In the Olivet Discourse Jesus told His disciples the Gospel would be preached to the whole world before the end came.. The New Testament confirms that these words of Christ were fulfilled before 70 A.D. during the lifetime of the disciples. Scripture interprets Scripture. The Gospel was preached to the known world, the Roman Empire.
When the Bible uses global language like "world" and "under heaven" it does not mean literally the entire earth, including China, Australia, South and North America. It means the known world at that time which was the Roman Empire. Consider these verses:
And it came to pass in those days that a decree went out from Caesar Augustus that all the world should be registered.
And there were dwelling in Jerusalem Jews, devout men, from every nation under heaven.
Acts 11:28 28 Then one of them, named Agabus, stood up and showed by the Spirit that there was going to be a great famine throughout all the world, which also happened in the days of Claudius Caesar.
6 But when they did not find them, they dragged Jason and some brethren to the rulers of the city, crying out, “These who have turned the world upside down have come here too.
5 For we have found this man a plague, a creator of dissension among all the Jews throughout the world, and a ringleader of the sect of the Nazarenes.
The New Testament confirms that the Gospel was preached to the whole world (the Roman Empire) before A.D. 70. Consider these verses:
First, I thank my God through Jesus Christ for you all, that your faith is spoken of throughout the whole world.
But I say, have they not heard? Yes indeed: "Their sound has gone out to all the earth, And their words to the ends of the world."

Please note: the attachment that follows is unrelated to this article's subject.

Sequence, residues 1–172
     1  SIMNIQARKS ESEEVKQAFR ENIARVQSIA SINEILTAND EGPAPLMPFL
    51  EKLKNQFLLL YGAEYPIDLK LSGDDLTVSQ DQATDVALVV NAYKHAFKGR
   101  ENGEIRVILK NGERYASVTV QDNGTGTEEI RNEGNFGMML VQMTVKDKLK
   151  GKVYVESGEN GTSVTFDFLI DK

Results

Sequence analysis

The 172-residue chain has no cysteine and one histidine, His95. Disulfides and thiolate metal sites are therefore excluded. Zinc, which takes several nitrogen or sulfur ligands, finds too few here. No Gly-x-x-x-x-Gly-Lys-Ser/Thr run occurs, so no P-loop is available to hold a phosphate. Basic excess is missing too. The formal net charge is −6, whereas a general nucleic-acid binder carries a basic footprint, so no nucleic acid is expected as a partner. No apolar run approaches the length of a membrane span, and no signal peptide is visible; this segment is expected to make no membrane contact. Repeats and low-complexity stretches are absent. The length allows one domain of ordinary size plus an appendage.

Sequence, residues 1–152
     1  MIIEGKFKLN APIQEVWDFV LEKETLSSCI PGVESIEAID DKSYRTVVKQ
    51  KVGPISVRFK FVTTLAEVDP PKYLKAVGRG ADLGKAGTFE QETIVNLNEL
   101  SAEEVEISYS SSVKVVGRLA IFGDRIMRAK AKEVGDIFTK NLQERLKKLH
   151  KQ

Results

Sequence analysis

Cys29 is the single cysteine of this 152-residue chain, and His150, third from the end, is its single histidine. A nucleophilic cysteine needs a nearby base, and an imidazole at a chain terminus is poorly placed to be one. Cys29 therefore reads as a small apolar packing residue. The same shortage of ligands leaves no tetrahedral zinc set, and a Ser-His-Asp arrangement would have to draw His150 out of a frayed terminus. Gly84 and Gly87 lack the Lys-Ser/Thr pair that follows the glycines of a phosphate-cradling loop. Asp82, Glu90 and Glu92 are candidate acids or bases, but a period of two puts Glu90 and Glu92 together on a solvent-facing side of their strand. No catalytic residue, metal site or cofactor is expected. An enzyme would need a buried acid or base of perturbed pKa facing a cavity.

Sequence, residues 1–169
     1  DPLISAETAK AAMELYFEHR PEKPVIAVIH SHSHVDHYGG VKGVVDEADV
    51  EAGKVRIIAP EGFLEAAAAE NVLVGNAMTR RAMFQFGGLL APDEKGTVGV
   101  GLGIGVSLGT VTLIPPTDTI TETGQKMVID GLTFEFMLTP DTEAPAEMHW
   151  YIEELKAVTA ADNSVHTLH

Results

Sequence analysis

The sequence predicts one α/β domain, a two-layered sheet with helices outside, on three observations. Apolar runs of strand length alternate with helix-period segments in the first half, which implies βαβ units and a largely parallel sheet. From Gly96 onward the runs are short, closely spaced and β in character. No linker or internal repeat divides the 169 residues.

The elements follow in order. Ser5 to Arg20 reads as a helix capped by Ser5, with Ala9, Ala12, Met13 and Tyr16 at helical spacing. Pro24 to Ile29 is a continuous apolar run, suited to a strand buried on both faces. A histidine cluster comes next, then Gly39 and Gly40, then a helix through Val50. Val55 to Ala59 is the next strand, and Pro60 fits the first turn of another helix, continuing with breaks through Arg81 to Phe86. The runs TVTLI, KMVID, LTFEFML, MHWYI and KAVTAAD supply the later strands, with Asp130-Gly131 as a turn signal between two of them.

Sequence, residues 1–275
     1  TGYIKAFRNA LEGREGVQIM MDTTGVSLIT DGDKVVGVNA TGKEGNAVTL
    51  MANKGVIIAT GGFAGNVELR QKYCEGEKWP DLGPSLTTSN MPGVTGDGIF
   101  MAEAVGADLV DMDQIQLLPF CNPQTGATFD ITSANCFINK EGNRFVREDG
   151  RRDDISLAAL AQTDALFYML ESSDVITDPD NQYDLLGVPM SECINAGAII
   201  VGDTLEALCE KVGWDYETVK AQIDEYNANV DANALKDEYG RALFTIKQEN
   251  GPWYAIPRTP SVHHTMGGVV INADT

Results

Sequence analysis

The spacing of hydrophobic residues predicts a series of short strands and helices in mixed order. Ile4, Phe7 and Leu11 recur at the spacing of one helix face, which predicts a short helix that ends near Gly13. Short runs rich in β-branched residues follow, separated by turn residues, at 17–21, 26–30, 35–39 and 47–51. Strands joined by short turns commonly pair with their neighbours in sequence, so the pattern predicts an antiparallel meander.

5because of the hope which is laid up for you in heaven, of which you heard before in the word of the truth of the gospel, 6which has come to you, as it has also in all the world, and is bringing forth fruit, as it is also among you since the day you heard and knew the grace of God in truth;
23if indeed you continue in the faith, grounded and steadfast, and are not moved away from the hope of the gospel which you heard, which was preached to every creature under heaven, of which I, Paul, became a minister.
However interpreted, Paul made it clear that the words of Christ in Matthew 24:14 were fulfilled in his own time.
The Abomination of Desolation15 “Therefore when you see the ‘abomination of desolation, spoken of by Daniel the prophet, standing in the holy place” (whoever reads, let him understand), 16 “then let those who are in Judea flee to the mountains. 17 Let him who is on the housetop not go down to take anything out of his house. 18 And let him who is in the field not go back to get his clothes. (Matthew 24:15-18)
The abomination of desolation was the Roman armies under General Titus destroying the Temple in A.D. 70. We can be sure of this by comparing Scripture with Scripture. Just look at the parallel passage in Luke.20 “But when you see Jerusalem surrounded by armies, then know that its desolation is near. 21 Then let those who are in Judea flee to the mountains, let those who are in the midst of her depart, and let not those who are in the country enter her. 22 For these are the days of vengeance, that all things which are written may be fulfilled.
So the abomination of desolation is not the Dome of the Rock in Jerusalem today. It was the destruction of Herod's Temple in the Jewish War of A.D.70.
Also, if the great tribulation is a future global fire or if Christians are going to be raptured out, then why did Jesus say not to go in your house or back to get your clothes. This judgment in Matthew 24 is obviously a local judgment. If it were a global judgment what difference would it make where you were on earth, whether inside your house or on your roof top. Jesus is clearly telling the disciples to flee Jerusalem when they saw the armies approaching.
Greatest Tribulation Ever
For then there will be great tribulation, such as has not been since the beginning of the world until this time, no, nor ever shall be.